The first in a series of beginner posts on debugging skills, this will introduce you to one of the most basic and fundamental debugging techniques – Breakpoints.

This won’t take long. Breakpoints are a simple concept but one that can elude new programmers for a while. I recall my early days in college when hearing about debugging with breakpoints seemed “advanced”. I know this is still a problem by my observations made from questions.

A program is a process and a debugger attaches to that process to provide debugging services. Modern integrated development environments (Visual Studio, Eclipse, Android Studio, Visual Studio Code, etc., etc.) can automatically run and attach a debugger to your program. If you have set a breakpoint, the code will pause execution on that line and wait for you to allow it to continue. While paused, there are a myriad of things you can do to interrogate the state of your program. Exactly what you can do depends on your IDE but all modern IDE’s support very similar capabilities.

Let’s look at a quick demo. I am using the built-in Chrome Developer Tools against a my demo site

I have chosen to demo a website because nearly everyone has Chrome and the Internet. Your language and environment will work very similarly to this process.


ConfigureAwait (sometimes) Saves the Day Everytime!

I get in a lot of fights.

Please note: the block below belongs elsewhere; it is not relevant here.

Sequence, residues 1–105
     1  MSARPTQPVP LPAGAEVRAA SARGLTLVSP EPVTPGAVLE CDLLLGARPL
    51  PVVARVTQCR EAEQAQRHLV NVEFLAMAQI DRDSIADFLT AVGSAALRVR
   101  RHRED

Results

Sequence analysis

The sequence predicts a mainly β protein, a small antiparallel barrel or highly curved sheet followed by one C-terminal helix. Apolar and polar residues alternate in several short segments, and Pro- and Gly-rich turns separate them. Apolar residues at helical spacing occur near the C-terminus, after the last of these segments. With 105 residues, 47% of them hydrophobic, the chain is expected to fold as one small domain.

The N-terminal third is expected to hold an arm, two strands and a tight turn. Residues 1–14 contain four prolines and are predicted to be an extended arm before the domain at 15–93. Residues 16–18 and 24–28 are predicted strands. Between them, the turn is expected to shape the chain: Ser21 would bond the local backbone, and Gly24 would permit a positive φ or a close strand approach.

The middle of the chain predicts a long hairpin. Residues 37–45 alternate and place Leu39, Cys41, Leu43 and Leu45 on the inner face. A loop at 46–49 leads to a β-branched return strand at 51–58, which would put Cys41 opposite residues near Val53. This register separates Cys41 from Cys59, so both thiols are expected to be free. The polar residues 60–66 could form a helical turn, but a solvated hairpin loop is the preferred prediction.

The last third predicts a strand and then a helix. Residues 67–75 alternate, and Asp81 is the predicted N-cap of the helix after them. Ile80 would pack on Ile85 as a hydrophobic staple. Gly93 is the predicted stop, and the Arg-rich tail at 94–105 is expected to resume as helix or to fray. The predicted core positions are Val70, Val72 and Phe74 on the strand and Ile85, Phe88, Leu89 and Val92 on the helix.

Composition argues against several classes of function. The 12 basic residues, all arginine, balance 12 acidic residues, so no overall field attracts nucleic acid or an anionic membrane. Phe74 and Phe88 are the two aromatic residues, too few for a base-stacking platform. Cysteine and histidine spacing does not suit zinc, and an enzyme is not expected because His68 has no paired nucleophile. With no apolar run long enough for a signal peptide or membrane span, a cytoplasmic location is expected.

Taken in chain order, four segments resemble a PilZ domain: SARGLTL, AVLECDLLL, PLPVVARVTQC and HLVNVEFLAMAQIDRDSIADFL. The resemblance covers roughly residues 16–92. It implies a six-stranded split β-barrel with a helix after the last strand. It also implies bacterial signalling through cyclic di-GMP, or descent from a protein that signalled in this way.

Fights about async/await anyway. Despite async/await being over 5 years old (AOTW), there still remains a lot of confusion regarding some basic functionality.

I do not presume to be an in-depth expert. Some of the things I read from Stephen Cleary or Jon Skeet make my eyes go crossed. But for your average, everyday usage, it doesn’t need to be so misunderstood.

I am not going to rehash the excellent articles that explain these things. I am going to share a WPF application that demonstrates some of the commonly misunderstood pitfalls so you can actually observe the things you read about by the experts like Stephen Cleary, Stephen Toub, Jon Skeet.

Introducing “WPFGui”…. This is a simple Windows Presentation Foundation application that will attempt to update the UI on each of the button clicks. Of course I don’t need to update the UI directly with MVVM, but this is a contrived example after all….

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Using HttpClient as it was intended (because you’re not)


Async programming has become ubiquitous and the standard tool for making async HTTP requests with C# is HttpClient from the System.Net.Http namespace. Examples are aplenty, but good examples are few and far between. Because HttpClient implements IDisposable we are conditioned to new it up in a using statement, make the call and get out as fast as possible.

This is WRONG.

This blog post will pull together advice from the few good resources online that touch on various aspects of why you are using it wrong, and how to use it correctly.

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C# Data Binding example with Adapters and DataGridView


A Basic Example of CRUD with DataGridView in VB.Net being one of my more popular posts, I thought I should provide a C# example. I find people on continue to struggle with setting up DataAdapters to perform inserts, updates and deletes, and the use of WinForms is still often the platform used by beginners and students.

So here is a small sample application demonstrating how easy it is. There is an embeded SQLite database so you can immediately run the project without worrying about database setup. The code itself is easily translated for your data provider of choice – where you see “SQLite” just replace it with “SQL” or “OleDB”, or whatever you are using:

SQLiteCommand => becomes => SqlCommand

This time I’ll allow the code to speak for itself, get it here on GitHub.

Fun With NTFS Alternate Data Streams